Employee / Employer Rights: Time Off for COVID-19


April 6, 2021

As part of the American Rescue Plan Act of 2021 (ARP) that was recently passed, a revised version of the Emergency Family and Medical Leave (EFML) was extended.  Originally included in the Families First Coronavirus Response Act (FFCRA), and then revised under the Consolidated Appropriations Act (CAA), it detailed employers’ obligations to allow employees time needed to cope with COVID-related issues, as well outlined what situations would qualify.
 
In the initial language of the FFCRA that expired December 31, 2020, it stated that employers were mandated to give employees paid time off and that they would then receive a payroll tax credit to reimburse them.   This language was changed to “voluntary” with the passing of the CAA and extended until March 31, 2021, meaning that the employer was no longer legally required to provide these paid sick days after December 31, 2020.  The ARP kept the payroll tax credits provided in the CAA and further extended them to employers though September 30, 2021.
 
Eligible employers include any business or tax-exempt organization with less than 500 employees.  These employers can claim these credits based on the qualifying paid leave they provide between April 1, 2020 and September 30, 2021.  Similar credits are available to self-employed individuals based on comparable qualifying circumstances.
 

What are the changes to Paid Sick Leave?

 
Starting on April 1, 2021 the ARP resets the 10 day limit, up to 80 hours, for paid sick leave.  If an employee had previously used all of their paid sick leave provided by the FFCRA, they now have an additional 10-day/80-hours of paid leave for use.  Additionally, the ARP extends the EFML to any qualifying circumstance covered under paid sick leave.  This means if an employee qualifies for paid sick leave and needs their leave extended past the 10 day period, the employee could potentially take up to an additional 12 weeks of EFML, or other leave covered by the FMLA, if they have not already used any of that leave in the covered period.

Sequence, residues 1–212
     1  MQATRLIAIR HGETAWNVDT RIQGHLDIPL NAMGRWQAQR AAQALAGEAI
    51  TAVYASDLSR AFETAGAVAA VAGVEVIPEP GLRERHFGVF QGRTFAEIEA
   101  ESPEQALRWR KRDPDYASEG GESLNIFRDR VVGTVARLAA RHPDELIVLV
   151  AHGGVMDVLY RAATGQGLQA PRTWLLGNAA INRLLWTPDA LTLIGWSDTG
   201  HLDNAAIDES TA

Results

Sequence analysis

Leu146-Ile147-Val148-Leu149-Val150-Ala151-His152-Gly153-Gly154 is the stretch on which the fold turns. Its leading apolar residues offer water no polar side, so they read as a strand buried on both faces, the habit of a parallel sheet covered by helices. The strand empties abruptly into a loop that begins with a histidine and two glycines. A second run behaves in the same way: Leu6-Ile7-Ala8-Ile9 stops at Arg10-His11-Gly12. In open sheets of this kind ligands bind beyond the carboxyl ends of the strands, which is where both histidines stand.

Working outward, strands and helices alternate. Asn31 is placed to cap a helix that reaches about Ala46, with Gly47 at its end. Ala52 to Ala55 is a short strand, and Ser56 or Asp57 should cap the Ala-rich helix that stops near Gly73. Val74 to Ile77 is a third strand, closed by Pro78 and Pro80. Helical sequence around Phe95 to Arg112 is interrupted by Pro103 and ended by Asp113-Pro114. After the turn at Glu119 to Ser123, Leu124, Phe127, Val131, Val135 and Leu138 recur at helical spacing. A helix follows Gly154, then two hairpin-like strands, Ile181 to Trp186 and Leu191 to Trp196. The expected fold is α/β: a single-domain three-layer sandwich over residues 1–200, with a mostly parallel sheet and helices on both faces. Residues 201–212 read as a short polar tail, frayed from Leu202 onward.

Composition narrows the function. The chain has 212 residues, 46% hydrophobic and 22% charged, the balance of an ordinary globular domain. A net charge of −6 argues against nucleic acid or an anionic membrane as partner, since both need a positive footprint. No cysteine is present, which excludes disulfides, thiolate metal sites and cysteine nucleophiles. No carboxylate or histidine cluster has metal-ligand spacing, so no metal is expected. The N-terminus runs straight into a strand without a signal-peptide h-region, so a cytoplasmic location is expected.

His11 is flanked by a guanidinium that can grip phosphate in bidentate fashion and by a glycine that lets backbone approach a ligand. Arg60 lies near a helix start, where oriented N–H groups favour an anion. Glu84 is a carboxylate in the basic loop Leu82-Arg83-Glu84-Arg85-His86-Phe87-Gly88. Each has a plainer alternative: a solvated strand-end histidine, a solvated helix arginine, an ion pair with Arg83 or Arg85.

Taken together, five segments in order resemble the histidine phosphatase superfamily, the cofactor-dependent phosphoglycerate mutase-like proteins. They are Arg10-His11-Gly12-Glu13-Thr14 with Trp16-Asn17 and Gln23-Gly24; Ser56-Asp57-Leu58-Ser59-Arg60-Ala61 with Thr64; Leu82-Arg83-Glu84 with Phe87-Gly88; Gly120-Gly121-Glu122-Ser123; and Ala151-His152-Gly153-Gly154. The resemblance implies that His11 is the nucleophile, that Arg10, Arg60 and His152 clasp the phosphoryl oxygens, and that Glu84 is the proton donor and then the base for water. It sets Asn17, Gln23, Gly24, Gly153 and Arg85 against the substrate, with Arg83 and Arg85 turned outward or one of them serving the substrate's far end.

What are the qualifying reasons for paid sick leave?

 
The CAA provided that employers who allowed paid time off for the following were able to receive Payroll Tax Credits:
· Two weeks (up to 80 hours) of paid sick leave at the employee’s regular rate of pay (employer credit caps at $511 per day) when the employee is unable to work because they are quarantined and/or experiencing COVID-19 symptoms and seeking a medical diagnosis; or
· Two weeks (up to 80 hours) of paid sick leave (employer credit caps at $200 per day) at two-thirds the employee’s regular rate of pay because they are unable to work due to a legitimate need to care for an individual subject to quarantine*, or to care for a child 17 years of age or younger, whose school or child care provider is closed or unavailable for reasons related to COVID-19, and/or the employee is experiencing a substantially similar condition.
· Up to an additional 12 weeks of paid expanded family and medical leave at two-thirds the employee’s regular rate of pay where an employee, who has been employed for at least 30 calendar days, is unable to work due to a legitimate need for leave to care for a child whose school or child care provider is closed or unavailable for reasons related to COVID-19.
*Following Federal, State, or local government order or advice of a health care provider.
 
The ARP provides these additional qualifying reasons for paid sick leave:
· Obtaining a COVID-19 vaccine and recovering from any illness or condition related to receiving that vaccine;
· Obtaining a COVID-19 diagnosis or waiting for the results of a diagnosis if the employee has been exposed to COVID-19 or the employer requests a test be performed.
 

Other changes to paid sick leave

 
There are some other noteworthy changes provided by the ARP.  One major change is that the requirement that the first two weeks of the EFML be unpaid has been eliminated.  Under 
the ARP, any qualified employee is eligible for a full 12 weeks of paid leave if they have not previously used any EFML or other leave under the FMLA).  The total available for the EFML increased from $10,000 to $12,000.
 
The ARP also includes non-discrimination language for paid sick leave and EFML.  If an employer chooses to provide FFCRA leave, but discriminates who is eligible for that leave based on things such as favoring highly compensated employees, full-time employees or on the basis of tenure they may not be able to qualify for any tax credits for paid sick leave.
 
As the requirements detailed for paid sick leave by the ARP don’t become effective until April 1, 2021, we can still expect that further guidance may be offered by the IRS and/or Department of Labor.  Please contact your Faw Casson advisor with any questions about how this may apply to your specific situation.
 
 


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